Try to find middle ground on protection

One would think that a process based on “science”

would yield more readily objective results.

But an update of the city’s “critical areas ordinance” is proving surprisingly oblique. Citizen advocates, council members and kibitzers from the state Department of Ecology have gone round and round for most of the past year over the most effective and fairest way to protect island wetlands and streams, generally through mandated vegetative buffers of various widths.

Similar discussions have been going on across the bridge, and more notoriously in King County. The buzzword throughout has been “best available science,” the prevailing literature that is supposed to offer guidance by which to draft new regulations. Such critical areas updates are mandated by the state Growth Management Act, although each jurisdiction apparently has some latitude to craft regulations suited to that community’s needs – and, ultimately its political realities.

Nowhere is the latter point more true than in King County, where rural interests have launched a petition drive to force a referendum on new regulations many view as too burdensome. In a recent spectacle, aggrieved property owners rolled out pickups and haywagons for a procession through Seattle, to protest the very concept of the critical areas ordinance. (That jurisdiction is also wrestling with new regulations on land clearing, mercifully outside the scope of the Bainbridge ordinance update.) But while we’re not sure not sure you could still find two tractors and a haywagon on this island for a similar protest, it is impossible to ignore the growing dissatisfaction in some quarters over restrictions on long established land uses.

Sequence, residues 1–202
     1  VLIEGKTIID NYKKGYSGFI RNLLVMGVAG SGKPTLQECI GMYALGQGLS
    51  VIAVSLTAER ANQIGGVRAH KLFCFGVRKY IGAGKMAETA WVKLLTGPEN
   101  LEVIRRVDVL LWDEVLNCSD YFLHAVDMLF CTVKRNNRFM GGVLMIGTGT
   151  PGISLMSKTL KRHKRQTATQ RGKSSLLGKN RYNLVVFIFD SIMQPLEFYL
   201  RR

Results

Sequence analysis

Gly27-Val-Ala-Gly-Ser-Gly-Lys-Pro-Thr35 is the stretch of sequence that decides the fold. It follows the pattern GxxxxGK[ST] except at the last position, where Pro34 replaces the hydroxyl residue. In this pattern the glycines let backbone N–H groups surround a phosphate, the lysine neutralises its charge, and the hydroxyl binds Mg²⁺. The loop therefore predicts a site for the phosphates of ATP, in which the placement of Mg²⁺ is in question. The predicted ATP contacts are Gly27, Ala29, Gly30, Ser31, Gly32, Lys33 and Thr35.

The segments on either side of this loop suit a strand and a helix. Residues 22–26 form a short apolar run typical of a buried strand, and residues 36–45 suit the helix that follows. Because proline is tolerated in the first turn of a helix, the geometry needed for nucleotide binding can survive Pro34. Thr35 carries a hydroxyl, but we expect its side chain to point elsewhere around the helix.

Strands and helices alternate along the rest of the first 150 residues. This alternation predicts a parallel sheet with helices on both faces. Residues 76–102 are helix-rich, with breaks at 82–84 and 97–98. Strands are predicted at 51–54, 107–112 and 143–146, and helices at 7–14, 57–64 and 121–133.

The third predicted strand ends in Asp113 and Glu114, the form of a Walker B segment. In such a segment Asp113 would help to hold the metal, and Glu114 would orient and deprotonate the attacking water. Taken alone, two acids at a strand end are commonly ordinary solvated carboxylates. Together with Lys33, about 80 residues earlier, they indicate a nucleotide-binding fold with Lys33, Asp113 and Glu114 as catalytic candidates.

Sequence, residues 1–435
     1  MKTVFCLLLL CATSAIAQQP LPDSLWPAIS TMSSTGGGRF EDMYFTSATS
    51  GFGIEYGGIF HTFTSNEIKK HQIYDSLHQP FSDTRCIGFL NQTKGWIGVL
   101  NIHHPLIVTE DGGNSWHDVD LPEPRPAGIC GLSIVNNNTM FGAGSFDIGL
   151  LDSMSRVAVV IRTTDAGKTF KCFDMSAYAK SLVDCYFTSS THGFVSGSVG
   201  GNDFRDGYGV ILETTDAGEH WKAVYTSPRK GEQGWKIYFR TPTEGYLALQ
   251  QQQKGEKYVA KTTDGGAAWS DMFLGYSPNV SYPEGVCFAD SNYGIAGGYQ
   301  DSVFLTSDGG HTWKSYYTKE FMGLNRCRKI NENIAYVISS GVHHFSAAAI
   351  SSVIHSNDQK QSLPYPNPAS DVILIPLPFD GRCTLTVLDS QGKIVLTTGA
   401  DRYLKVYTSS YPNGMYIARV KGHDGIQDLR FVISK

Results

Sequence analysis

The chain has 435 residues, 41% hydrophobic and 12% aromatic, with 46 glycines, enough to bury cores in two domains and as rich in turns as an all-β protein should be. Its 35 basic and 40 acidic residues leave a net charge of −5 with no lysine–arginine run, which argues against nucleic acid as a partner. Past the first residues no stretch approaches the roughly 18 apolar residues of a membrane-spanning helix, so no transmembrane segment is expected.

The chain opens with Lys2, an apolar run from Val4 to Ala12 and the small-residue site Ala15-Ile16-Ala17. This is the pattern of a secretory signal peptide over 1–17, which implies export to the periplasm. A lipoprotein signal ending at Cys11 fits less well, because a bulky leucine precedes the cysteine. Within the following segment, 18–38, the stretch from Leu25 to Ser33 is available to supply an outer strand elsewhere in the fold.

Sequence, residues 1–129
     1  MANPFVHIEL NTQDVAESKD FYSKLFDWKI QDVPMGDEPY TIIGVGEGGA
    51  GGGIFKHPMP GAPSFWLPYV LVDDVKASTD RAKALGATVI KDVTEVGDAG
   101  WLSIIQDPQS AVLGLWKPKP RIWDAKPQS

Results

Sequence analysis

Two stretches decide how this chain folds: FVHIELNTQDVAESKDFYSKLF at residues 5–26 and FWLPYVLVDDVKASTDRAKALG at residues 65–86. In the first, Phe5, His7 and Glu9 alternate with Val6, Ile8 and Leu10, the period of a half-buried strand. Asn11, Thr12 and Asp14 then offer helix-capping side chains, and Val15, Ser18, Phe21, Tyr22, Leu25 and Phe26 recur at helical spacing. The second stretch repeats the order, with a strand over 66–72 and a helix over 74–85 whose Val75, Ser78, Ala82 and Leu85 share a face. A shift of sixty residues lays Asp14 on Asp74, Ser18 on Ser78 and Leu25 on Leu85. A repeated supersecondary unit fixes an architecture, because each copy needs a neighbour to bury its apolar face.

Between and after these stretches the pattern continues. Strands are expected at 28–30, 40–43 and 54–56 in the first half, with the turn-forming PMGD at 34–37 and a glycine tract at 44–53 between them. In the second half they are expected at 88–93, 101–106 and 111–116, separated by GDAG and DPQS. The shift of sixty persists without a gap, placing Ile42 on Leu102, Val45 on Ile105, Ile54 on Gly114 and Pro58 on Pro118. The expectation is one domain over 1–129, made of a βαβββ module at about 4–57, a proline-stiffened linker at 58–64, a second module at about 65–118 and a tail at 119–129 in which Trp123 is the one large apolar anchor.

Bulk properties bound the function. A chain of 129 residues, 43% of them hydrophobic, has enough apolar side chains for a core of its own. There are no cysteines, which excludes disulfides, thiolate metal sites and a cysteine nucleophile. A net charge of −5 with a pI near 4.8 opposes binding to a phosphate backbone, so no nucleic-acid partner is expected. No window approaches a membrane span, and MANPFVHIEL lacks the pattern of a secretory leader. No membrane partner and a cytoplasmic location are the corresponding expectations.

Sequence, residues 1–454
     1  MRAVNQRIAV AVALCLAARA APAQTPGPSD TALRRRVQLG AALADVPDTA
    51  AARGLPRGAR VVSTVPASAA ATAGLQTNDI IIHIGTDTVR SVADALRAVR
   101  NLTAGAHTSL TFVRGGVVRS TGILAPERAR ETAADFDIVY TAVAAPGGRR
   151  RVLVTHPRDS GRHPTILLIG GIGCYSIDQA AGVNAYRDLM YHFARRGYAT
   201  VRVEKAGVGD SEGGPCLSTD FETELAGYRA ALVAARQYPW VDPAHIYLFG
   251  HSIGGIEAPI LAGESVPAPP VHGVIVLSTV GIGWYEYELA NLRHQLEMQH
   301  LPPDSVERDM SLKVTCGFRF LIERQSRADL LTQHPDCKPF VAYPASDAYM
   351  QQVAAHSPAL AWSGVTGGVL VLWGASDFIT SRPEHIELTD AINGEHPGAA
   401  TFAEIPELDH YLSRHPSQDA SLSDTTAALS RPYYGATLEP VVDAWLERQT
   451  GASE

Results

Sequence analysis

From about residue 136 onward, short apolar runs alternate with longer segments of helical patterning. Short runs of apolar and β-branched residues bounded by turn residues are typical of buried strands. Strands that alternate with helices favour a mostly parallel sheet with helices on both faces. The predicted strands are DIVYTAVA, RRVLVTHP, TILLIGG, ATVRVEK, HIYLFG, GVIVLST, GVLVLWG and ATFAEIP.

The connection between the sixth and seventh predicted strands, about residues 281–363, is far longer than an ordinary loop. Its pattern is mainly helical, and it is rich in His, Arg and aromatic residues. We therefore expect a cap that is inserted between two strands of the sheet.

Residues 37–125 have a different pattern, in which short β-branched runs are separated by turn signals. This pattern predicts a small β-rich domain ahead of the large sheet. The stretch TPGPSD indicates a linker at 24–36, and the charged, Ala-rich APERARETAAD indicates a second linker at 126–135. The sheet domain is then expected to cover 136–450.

If polled, we think most folks would pledge their support for the protection of critical habitat as a general principle. How, then, to overcome the frequent disconnect between what we want and what we need? We think a successful land use policies will adhere to three principles.

Flexibility: Rather than being told “No” at the planning department counter, people with plans for their land need options. A “one regulation fits all” approach will rarely do

justice to the infinite variety of the natural landscape.

Site-specific guidelines will yield the best results.

Incentives: If state agencies can prod us into passing new regulations to protect critical areas, it seems reasonable that they might also offer some carrots to go with the stick. There is more than a semantic difference between “encouraging preservation” and “discouraging destruction”; a program that promotes the former would go a long way to smoothing out the objections of property rights advocates. For example, the county currently offers tax breaks for property owners who commit to leaving forested lands untouched; why not similar deal for those who happen to have wetlands and streams on their land? What incentives are being tried in other areas?

Reason: Be creative, and don’t be afraid to question the

science. It doesn’t put you in league with developers; it makes you a skeptic. Last we heard, that was a healthy reflex.

Good luck to the council, in finding a balance we can all live with. We’re confident there’s one to be found.

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